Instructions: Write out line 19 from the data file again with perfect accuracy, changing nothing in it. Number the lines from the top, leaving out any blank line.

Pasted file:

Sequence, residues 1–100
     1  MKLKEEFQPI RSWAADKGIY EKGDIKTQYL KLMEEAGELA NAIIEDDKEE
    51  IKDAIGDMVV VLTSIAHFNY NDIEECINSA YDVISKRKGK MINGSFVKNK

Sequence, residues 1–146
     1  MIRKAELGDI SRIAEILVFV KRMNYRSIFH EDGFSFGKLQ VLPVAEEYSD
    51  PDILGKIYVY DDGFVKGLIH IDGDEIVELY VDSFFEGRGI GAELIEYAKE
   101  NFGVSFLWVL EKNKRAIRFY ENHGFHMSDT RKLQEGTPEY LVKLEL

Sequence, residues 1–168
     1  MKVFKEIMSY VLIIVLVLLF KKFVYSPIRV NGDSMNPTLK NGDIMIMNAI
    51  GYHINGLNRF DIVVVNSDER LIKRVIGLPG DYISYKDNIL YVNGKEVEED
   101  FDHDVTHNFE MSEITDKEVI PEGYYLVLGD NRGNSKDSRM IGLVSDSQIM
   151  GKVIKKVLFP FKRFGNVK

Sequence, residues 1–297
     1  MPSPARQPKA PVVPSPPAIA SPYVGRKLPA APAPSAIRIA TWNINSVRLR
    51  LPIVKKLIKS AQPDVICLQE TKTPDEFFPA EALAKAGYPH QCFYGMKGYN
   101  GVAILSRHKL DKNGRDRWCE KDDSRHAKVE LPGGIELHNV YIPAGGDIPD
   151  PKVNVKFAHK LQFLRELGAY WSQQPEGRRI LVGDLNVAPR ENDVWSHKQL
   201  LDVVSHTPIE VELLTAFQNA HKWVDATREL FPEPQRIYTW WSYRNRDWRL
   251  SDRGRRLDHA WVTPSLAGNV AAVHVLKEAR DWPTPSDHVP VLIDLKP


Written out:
   251  SDRGRRLDHA WVTPSLAGNV AAVHVLKEAR DWPTPSDHVP VLIDLKP